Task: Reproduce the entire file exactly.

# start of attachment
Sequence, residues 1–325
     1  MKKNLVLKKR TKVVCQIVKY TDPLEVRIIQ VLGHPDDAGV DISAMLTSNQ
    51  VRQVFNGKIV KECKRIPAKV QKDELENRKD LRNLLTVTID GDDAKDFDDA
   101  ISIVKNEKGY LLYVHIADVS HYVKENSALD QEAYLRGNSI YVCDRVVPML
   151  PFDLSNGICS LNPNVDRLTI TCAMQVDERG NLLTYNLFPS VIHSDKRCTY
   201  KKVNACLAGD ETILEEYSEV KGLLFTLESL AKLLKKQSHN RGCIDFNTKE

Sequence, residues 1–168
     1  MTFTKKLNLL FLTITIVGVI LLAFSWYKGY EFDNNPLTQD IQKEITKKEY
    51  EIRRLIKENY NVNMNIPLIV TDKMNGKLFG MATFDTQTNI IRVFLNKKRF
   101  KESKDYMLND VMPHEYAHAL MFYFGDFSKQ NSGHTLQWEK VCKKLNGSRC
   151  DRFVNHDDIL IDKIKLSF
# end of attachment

Sequence, residues 1–325
     1  MKKNLVLKKR TKVVCQIVKY TDPLEVRIIQ VLGHPDDAGV DISAMLTSNQ
    51  VRQVFNGKIV KECKRIPAKV QKDELENRKD LRNLLTVTID GDDAKDFDDA
   101  ISIVKNEKGY LLYVHIADVS HYVKENSALD QEAYLRGNSI YVCDRVVPML
   151  PFDLSNGICS LNPNVDRLTI TCAMQVDERG NLLTYNLFPS VIHSDKRCTY
   201  KKVNACLAGD ETILEEYSEV KGLLFTLESL AKLLKKQSHN RGCIDFNTKE

Sequence, residues 1–168
     1  MTFTKKLNLL FLTITIVGVI LLAFSWYKGY EFDNNPLTQD IQKEITKKEY
    51  EIRRLIKENY NVNMNIPLIV TDKMNGKLFG MATFDTQTNI IRVFLNKKRF
   101  KESKDYMLND VMPHEYAHAL MFYFGDFSKQ NSGHTLQWEK VCKKLNGSRC
   151  DRFVNHDDIL IDKIKLSF